EUGENE, Ore. – The Eugene City Council narrowly voted down a proposal Monday night which would have paved the way for a brand-new type of voting system in the city.
STAR voting, which stands for Score, Then Automatic Runoff was created in 2014 during a conference at the University of Oregon. The Equal Vote Coalition has been advocating for the system ever since, saying it boost equality in the voting process and combats hyper partisanship.
The organization says the current primary system results in voters being “encouraged to choose the Lesser Evil rather than a longshot we might really like, and all but two polarizing candidates are discouraged from running for office.”
STAR voting gets around this by having voters rate each candidate with a score card, and then having a runoff between the top two choices.
Instead of a May primary for mayor and city councilor, the candidates would be voted on at the November general election. Voters would be given a ratings ballot, on which each voter rates every candidate from 0 to 5. The scores for each candidate would then be totaled, and the two highest-rated candidates selected as finalists. In the instant-runoff, the finalist who was given a higher rating on a greater number of ballots is elected to office.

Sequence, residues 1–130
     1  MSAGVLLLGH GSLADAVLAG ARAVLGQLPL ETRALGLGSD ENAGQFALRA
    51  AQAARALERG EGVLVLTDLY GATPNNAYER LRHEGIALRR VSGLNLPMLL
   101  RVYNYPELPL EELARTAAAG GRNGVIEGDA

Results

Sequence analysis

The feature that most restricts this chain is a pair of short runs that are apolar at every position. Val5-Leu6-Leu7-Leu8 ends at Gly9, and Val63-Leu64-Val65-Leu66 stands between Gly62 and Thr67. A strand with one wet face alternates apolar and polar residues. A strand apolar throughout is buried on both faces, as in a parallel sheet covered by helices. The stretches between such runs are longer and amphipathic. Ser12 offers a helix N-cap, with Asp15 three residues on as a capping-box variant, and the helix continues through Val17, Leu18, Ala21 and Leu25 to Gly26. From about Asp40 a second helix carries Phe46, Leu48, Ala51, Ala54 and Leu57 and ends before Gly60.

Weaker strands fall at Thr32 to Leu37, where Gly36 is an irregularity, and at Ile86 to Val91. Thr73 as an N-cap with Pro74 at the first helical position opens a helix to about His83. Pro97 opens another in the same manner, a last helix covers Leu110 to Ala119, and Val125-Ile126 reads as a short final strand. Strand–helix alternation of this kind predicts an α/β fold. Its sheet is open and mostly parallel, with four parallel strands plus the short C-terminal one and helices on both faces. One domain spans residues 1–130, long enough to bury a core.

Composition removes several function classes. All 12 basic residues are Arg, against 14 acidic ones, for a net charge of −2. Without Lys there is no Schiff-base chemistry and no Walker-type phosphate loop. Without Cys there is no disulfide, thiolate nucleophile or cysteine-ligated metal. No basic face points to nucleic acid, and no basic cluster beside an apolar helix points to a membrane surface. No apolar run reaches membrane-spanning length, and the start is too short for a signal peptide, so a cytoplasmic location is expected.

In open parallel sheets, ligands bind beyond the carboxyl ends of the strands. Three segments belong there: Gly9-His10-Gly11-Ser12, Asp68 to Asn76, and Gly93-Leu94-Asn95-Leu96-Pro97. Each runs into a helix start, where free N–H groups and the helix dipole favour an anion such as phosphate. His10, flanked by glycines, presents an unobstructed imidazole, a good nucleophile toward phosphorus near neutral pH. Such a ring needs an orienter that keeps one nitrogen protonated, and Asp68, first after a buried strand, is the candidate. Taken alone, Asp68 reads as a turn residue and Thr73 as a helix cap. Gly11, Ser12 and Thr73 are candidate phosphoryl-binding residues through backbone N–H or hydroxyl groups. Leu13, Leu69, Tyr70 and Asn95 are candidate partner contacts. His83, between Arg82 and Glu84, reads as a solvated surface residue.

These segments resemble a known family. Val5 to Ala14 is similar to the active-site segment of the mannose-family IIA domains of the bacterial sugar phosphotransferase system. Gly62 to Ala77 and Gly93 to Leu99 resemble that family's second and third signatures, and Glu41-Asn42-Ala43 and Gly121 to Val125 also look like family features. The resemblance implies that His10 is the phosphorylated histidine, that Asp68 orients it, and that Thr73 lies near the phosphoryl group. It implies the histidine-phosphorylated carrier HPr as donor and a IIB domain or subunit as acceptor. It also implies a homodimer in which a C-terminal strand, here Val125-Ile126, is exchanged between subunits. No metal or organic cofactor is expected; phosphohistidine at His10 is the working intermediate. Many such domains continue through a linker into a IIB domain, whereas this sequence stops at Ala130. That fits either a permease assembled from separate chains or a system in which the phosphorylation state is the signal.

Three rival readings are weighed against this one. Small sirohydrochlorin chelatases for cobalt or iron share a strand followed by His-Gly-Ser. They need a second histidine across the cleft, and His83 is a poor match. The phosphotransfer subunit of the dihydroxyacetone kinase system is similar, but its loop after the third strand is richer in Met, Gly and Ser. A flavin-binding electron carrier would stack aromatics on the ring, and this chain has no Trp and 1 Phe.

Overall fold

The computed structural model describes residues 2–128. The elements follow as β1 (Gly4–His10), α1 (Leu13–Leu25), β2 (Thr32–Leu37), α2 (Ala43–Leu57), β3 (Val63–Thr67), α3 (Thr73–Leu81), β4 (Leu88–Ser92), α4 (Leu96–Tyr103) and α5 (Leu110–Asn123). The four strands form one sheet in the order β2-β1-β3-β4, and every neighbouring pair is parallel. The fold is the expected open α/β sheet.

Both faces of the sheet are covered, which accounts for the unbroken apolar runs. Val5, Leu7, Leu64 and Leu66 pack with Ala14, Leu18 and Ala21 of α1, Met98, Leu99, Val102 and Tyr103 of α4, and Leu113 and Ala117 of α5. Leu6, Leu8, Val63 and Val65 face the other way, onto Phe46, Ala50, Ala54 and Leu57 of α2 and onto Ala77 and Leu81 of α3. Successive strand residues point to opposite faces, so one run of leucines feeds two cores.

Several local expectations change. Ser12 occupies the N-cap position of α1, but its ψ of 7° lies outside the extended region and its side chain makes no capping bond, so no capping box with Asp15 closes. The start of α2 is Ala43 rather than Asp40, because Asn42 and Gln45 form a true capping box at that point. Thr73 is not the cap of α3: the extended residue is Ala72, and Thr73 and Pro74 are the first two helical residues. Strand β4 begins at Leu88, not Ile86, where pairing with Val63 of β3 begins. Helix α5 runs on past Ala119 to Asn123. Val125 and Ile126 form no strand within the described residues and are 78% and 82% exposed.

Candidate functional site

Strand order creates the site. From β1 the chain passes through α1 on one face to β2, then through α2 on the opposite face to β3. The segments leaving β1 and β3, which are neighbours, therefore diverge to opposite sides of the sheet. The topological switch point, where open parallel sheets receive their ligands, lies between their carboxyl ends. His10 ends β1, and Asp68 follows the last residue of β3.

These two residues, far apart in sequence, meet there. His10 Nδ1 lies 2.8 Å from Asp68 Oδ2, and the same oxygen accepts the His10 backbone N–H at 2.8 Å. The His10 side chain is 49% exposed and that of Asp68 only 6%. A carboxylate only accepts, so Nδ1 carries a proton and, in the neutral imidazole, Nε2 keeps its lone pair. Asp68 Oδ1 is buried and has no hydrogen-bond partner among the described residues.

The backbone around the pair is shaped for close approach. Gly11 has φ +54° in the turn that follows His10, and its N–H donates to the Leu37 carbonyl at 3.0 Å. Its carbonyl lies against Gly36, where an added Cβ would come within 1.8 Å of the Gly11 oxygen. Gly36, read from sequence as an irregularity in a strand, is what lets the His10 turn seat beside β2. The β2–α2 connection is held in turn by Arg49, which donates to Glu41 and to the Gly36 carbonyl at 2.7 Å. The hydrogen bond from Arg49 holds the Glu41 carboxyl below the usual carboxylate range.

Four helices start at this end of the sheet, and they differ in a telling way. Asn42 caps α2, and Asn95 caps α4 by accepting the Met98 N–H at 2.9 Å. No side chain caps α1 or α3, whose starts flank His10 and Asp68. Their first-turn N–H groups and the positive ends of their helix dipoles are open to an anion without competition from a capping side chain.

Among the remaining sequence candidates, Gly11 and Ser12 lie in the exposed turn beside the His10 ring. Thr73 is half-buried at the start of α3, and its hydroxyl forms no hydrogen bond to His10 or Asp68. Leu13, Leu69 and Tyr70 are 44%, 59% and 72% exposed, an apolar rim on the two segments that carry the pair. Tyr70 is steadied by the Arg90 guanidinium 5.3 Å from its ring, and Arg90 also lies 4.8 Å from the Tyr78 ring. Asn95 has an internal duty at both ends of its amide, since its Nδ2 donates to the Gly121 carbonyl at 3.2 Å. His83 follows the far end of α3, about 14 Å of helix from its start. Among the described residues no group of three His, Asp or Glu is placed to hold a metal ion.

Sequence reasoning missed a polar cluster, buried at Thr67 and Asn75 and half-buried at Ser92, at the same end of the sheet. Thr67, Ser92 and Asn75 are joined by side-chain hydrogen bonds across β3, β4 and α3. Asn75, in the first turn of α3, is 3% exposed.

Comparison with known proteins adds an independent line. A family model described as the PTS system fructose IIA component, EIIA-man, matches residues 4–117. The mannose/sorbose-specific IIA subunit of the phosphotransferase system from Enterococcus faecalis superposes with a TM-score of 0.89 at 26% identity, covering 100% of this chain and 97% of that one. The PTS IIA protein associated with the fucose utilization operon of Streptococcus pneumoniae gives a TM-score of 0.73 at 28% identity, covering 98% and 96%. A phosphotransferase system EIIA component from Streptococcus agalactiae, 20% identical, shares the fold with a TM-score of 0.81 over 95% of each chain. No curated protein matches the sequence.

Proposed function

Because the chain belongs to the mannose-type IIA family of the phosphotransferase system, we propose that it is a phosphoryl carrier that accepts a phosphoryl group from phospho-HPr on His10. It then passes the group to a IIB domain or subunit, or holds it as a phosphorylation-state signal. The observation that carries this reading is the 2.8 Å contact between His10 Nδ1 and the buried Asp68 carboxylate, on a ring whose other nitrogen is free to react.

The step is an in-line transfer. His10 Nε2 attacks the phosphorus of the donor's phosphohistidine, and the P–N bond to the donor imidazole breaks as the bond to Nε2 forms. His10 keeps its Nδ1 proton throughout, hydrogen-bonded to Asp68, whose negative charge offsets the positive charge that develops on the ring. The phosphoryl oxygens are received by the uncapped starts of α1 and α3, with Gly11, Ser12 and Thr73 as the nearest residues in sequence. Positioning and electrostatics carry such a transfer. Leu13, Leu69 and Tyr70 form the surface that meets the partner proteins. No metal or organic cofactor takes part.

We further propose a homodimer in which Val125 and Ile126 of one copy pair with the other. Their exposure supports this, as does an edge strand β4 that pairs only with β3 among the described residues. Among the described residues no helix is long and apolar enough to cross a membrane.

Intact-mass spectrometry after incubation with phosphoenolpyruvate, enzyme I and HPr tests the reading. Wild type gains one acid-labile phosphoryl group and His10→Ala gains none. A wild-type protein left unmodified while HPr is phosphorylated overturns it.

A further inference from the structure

But some councilors raised concerned, including Councilor Jennifer Yeh, who represents Ward 4.
“While there are parts of it I find very intriguing, I do have concerns and we have not taken the time to vet the system,” Yeh said before the vote. “Changing our entire voting system is a large step.”
Other councilors raised concerns about the cost of implementing a new system. The exact cost would be difficult to calculate for Lane County Elections, which administers city elections, but there is an estimated upfront cost of $200,000 in addition to expenses incurred for each election.
The proposal to place a charter amendment that elects the Mayor and City Councilors using the STAR method on the November 2020 ballot was defeated in a 5-4 vote.